As the Islamic State seized more towns and villages south of Mosul and the US launched airstrikes, Iraqi politicians appeared poised to miss today's deadline for selecting a prime minister. The deadlock is deepening a political crisis that aided the militant group's march across Iraq this summer.
Prime Minister Nouri al-Maliki is scrambling to pull whatever strings he can to secure a third term, but the government's loss of Mosul to militants in June has left him with much less support. Despite pressure to step aside from both the US and Iraq's most senior Shiite religious leader, Mr. Maliki is digging in. And without a political consensus in Baghdad, Iraq's war effort could be further imperiled.
Maliki warned in a weekly address Wednesday that the "gates of hell" would be opened if Iraq bypassed its constitution and set up an emergency coalition government, as some have suggested.
Although he has lost the backing of many of his former allies and is believed to be under pressure to step down by both the US and Iran, a former supporter, Maliki has refused to consider stepping aside or endorsing another candidate.
“Anyone who tells you there is another name besides al-Maliki is wrong,” says Hisham al-Suhail, a member of parliament from Maliki’s State of Law coalition.
According to a wide range of politicians, Maliki and his closest advisors believe they could be arrested or assassinated if he loses his position.
Under Iraq’s constitution, lawmakers have 15 days from choosing a president to agree on a prime minister. Yesterday's session, a day before the deadline, was punctuated by members of parliament shouting insults at each other and ended with a move to adjourn until Sunday.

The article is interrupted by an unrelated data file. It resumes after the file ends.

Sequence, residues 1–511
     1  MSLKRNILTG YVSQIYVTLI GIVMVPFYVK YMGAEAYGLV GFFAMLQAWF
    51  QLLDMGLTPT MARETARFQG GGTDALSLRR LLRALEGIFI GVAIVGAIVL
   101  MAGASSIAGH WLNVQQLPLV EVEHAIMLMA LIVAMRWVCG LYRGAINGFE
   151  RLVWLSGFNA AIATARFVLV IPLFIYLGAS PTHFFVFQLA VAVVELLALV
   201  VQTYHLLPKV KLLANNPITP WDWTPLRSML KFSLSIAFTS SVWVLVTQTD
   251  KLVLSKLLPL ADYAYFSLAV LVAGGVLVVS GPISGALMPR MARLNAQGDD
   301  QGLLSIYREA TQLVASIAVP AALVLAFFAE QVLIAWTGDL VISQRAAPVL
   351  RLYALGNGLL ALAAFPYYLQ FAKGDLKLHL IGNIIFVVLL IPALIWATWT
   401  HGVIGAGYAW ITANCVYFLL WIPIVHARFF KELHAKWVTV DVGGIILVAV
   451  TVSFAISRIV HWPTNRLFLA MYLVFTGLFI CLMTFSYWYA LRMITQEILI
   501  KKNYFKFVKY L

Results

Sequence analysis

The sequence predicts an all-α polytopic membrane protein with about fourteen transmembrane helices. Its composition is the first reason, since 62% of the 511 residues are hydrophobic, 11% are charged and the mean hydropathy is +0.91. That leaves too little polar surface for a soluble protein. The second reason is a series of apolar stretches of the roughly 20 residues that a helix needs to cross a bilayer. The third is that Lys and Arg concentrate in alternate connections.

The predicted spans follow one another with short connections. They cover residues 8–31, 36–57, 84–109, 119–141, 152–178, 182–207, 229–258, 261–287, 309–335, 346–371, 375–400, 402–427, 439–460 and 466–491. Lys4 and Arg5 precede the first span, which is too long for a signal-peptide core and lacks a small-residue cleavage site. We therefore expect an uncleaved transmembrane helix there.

The session was meant to ratify agreements made in negotiations outside the conference hall but heated proceedings illustrated how far apart Iraq's political blocs still are on closing a deal.
Mr. Suhail says the State of Law does not consider today as the constitutional deadline since the 15-day period overlapped with a three-day holiday. He suggested the federal courts might have to sort it out.
A boon for the Islamic State
The Islamic State, formerly the Islamic State of Iraq and the Levant, now controls one-third of Iraqi territory. Baghdad's response has been hobbled by its failure to form a new government since elections were held in April.
Kurdish forces, which had held a defensive line of more than 600 miles of territory against IS, withdrew this week from towns and cities along the Nineveh plains between Mosul and Kurdish-controlled territory. On Friday, the US launched air strikes against IS targets in northern Iraq after President Obama warned of a genocidal threat to minorities.
“We don’t know what’s happening – it’s a collapse everywhere,” says Yonadam Kanna, one of the Christian members of parliament. The towns of Karakosh and Tel Keef, both with substantial Christian populations, fell to Islamic State fighters overnight Thursday, along with a string of villages in between, Mr. Kanna said. The fighters burned churches and looted property in some towns.
Thursday’s brief parliament session descended into name calling and shouting as a Sunni member of parliament accused the government of using barrel bombs against civilians in Anbar Province. Members of Maliki's Shiite faction responded by calling Sunni lawmakers traitors.
The session was closed to the press and Iraqi journalists, but they could hear the shouting in the cafeteria as the argument gathered steam and scrambled to see between gaps in the wall. Shiite lawmakers emerged later to speak to reporters and claim that Sunnis were undermining Iraqi security forces.
“We sense the smell of Takfiris,” said one lawmaker, referring to IS's labeling of other sects and religions as apostates.